Who will figure out intelligence?

In my career I've encountered researchers in several fields who try to address the (artificial) intelligence problem. What I found though, is that researchers acting within those fields had a vague idea of all the others trying to answer the same question from a different perspective (in fact I had a very faint idea myself initially as well). In addition, following the best tradition of Sarye's law there is often tension and competition between the researchers occupying their niches resulting in violent arguments. I've had the chance to interact with researchers representing pretty much all of the disciplines I'll mention here, and as many of the readers of this blog may be involved in research in one or a few of them, I decided it might be worthwhile to introduce them to each other. Within each community I'll try to explain (at least from my shallow perspective) the core assumption, prevalent methodology, and the possible benefits and drawbacks of the approach as well as a few representative literature/examples (purely subjective choice). My personal view is that the answer to the big AI question cannot be obtained within any of these disciplines, but will eventually be found somewhere between them, and … Read more...

The meta-parameter slot machine

Today we'll step back a bit and consider the psychology of a machine learning researcher when he does his job, a subject which interests me deeply and one that I've already touched in another post.  Some of this comes from my own introspection, as I've been doing machine learning for quite a few years now.

Emails and ML models trigger dopamine

It is a well known fact from biology that little achievements trigger the release of small amounts of dopamine - a neurotransmitter that is believed to be involved in reinforcement learning. The dopamine makes us feel good and also triggers plasticity in certain parts of the brain (likely allowing the brain to "remember" what behaviour lead to the reward). Reinforcement learning however has its issues, since the reward can appear by coincidence and therefore reinforce the "wrong cause". This is very much visible these days with Internet, emails and texts: since receiving an important and rewarding message reinforces the behaviour which lead to it - and that most likely was pressing "get mail" button - we get addicted to checking email! Same applies to social media, texting, and is also the mechanism underlying gambling. In reality rewards … Read more...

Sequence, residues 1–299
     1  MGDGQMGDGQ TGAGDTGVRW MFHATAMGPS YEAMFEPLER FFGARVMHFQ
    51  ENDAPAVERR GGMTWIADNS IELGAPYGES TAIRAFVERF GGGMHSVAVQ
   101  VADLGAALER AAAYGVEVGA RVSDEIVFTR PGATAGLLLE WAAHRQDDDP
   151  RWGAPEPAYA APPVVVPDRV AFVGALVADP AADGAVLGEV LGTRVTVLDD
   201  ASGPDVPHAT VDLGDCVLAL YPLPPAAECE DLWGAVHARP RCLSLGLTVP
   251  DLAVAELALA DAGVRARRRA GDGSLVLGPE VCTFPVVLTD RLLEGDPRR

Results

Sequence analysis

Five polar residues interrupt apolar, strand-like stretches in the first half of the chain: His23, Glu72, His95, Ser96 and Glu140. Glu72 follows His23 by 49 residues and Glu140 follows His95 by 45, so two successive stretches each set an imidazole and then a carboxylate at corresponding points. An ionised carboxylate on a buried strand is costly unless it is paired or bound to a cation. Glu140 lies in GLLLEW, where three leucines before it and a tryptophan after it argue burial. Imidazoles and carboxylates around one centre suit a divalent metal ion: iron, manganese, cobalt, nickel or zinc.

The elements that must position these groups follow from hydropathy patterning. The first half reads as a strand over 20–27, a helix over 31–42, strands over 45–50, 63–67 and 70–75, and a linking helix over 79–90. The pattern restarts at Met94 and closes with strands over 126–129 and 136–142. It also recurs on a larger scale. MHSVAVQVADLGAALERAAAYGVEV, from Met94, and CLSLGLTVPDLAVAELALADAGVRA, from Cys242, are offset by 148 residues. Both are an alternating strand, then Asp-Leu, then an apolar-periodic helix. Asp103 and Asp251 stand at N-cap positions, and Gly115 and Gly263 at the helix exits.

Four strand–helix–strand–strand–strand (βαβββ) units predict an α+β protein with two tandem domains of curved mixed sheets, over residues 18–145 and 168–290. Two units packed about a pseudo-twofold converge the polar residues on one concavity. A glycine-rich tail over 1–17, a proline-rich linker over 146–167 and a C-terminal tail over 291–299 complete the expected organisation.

Give me a dataset to train, and I shall move the world

There is a widespread belief among the "artificial intelligentsia" that with the advent of deep learning all it takes to conquer some new land (application) is to create a relevant dataset, get a fast GPU and train, train, train. However, as it happens with complex matters, this approach has certain limitations and hidden assumptions. There are at least two important epistemological assumptions:

  1. Given big enough sample from some distribution we can approximate it efficiently with a statistical/connectionist model
  2. A statistical sample of a phenomenon is enough to automate/reason/predict the phenomenon

Both of these assumptions are not universally correct.

Universal approximation is not really universal

There is a theoretical result known as the universal approximation theorem. In summary it states that any function can be approximated to an arbitrary precision by (at least) three  level composition of real functions, such as e.g. a multilayer perceptron with sigmoidal activation. This is a mathematical statement, but a rather existential one. It does not say if such approximation would be practical or achievable with, say, gradient descent approach. It merely states that such approximation exists. As with many such existential arguments, their applicability to real world is limited. In the real world, we … Read more...